Packing Efficiency for HCP Unit Cell is 74% or \(\frac{\pi \times 100}{3\sqrt{2}}\)

Cubic Close Packed Structures
Cubic Close Packing in One Dimension

There is only one way of arranging spheres in which the spheres are placed in a horizontal row touching with each other. In this arrangement each sphere is in contact with two of its neighbors, so that the coordination number is 2.

cubic close packing in one dimension
Cubic Close Packing in Two Dimensions

Two-dimensional close packed structure can be generated by placing the rows of closed packed spheres. The rows can be combined in the following two ways:

Square close packing in two-dimensions

The spheres in second row are exactly above those of the first row. The second row is exactly same as the first one. Each sphere is in contact with four other spheres. Thus, the coordination number of each sphere is 4.

Square close packing in two dimension

Hexagonal close packing in two-dimensions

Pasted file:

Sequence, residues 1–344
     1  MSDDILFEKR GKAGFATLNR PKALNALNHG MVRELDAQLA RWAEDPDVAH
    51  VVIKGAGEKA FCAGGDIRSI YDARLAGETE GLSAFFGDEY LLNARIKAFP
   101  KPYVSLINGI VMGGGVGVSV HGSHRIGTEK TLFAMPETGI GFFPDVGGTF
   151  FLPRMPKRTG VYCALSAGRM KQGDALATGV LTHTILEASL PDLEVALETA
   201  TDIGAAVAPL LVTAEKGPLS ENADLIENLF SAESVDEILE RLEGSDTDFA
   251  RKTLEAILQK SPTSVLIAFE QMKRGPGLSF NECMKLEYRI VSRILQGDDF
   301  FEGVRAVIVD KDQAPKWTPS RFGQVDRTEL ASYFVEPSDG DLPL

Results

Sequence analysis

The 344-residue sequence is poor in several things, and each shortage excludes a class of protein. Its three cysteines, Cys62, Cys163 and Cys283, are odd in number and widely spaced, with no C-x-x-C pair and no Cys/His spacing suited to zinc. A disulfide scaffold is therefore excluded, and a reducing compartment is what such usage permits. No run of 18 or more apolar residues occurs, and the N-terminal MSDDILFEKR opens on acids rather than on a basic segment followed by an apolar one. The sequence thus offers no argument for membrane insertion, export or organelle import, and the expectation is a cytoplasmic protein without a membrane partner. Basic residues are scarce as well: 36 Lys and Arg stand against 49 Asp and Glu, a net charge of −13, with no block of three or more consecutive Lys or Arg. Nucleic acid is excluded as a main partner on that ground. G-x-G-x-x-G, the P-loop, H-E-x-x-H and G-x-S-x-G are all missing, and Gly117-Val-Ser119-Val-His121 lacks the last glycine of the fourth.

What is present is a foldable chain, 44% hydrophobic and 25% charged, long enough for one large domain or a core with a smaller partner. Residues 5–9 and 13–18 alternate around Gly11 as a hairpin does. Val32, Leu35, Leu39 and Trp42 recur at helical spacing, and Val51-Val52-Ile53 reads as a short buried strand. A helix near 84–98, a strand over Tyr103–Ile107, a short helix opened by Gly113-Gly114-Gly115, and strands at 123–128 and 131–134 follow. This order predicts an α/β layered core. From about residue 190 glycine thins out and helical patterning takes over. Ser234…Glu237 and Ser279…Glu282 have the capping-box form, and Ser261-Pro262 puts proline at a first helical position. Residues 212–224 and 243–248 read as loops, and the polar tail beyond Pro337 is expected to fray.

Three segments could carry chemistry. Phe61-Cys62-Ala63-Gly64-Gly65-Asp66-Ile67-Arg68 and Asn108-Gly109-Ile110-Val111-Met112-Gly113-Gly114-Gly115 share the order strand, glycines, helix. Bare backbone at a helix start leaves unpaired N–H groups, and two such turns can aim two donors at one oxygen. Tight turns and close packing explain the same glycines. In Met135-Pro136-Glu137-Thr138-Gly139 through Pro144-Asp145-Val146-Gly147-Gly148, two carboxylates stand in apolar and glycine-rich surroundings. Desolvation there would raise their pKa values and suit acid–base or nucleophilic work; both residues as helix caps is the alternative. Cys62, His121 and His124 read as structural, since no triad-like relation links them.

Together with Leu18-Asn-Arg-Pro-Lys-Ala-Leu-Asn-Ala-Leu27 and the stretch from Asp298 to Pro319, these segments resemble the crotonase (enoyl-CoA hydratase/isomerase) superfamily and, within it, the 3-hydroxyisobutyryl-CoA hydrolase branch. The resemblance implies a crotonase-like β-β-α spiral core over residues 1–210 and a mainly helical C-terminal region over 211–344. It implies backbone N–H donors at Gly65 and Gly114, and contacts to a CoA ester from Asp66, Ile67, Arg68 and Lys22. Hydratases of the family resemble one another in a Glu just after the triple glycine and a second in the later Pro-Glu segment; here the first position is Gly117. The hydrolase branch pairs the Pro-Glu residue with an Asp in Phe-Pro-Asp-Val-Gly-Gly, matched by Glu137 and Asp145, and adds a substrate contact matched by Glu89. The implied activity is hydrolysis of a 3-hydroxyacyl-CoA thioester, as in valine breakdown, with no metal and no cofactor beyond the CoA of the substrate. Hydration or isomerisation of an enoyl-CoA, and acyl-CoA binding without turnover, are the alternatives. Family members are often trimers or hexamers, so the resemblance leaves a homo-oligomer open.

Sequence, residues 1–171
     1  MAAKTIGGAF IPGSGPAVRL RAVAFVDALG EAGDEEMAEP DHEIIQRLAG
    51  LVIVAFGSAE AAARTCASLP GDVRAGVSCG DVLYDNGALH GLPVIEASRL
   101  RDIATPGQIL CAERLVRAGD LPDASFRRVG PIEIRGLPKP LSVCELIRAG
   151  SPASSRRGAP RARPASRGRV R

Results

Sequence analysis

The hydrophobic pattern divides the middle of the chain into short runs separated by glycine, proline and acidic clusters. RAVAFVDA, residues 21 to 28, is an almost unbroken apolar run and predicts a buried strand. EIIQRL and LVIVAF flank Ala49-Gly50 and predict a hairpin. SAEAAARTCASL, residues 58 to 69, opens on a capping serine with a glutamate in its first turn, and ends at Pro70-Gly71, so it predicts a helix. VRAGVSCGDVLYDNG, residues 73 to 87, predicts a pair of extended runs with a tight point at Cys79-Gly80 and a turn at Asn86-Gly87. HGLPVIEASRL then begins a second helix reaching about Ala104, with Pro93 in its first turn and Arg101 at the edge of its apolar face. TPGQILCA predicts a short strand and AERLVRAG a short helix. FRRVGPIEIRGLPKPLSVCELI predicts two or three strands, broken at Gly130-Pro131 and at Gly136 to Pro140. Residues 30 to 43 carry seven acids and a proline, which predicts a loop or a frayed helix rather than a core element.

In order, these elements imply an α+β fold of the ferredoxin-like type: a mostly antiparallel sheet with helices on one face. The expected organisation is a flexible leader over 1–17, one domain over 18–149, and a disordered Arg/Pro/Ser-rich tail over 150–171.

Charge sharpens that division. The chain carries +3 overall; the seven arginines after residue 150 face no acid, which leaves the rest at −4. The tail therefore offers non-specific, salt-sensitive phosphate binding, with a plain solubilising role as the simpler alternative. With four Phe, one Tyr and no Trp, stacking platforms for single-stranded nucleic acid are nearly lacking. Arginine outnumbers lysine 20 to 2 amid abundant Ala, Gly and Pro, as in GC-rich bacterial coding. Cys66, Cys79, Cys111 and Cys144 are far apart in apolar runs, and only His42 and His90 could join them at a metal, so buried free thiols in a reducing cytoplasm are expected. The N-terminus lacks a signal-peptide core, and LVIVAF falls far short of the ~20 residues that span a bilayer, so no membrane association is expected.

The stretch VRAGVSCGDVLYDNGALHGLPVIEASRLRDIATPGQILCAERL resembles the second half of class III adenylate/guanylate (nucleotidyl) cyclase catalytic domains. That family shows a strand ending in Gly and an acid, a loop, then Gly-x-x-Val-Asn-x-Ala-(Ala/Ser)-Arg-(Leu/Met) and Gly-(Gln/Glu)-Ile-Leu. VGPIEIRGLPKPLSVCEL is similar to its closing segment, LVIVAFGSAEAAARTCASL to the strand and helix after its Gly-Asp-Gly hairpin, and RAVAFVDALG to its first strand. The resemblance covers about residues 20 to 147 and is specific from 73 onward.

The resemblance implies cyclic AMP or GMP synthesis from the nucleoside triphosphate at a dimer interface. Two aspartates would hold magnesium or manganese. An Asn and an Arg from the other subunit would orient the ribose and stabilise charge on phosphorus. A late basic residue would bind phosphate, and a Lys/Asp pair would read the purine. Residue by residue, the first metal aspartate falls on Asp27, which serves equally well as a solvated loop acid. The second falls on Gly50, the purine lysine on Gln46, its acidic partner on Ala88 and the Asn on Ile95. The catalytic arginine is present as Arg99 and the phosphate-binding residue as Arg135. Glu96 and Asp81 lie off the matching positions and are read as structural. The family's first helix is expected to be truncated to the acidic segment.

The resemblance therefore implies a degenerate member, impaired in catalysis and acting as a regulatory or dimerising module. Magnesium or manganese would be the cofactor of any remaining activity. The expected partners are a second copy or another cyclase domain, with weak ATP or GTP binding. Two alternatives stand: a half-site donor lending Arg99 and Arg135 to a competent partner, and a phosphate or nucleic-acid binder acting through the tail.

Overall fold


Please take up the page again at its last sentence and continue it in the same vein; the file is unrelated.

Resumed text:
The spheres are packed in such a way that the spheres in the second row are placed in the depressions between the spheres of the first row. Each sphere is in contact with six spheres. Thus, the coordination number of each sphere is 6.

hexagonal close packing in two dimension
Hexagonal close packing in Three Dimensions

(i)   3 D close packing from 2 D square close packed layer

Starting from the square close packed layer, the second layer and all further layers will be built up such that they are horizontally as well as vertically aligned with each other. This type of packing is also called simple cubic packing. 52.4 % of the available space is occupied by the spheres. Coordination number of each sphere is 6.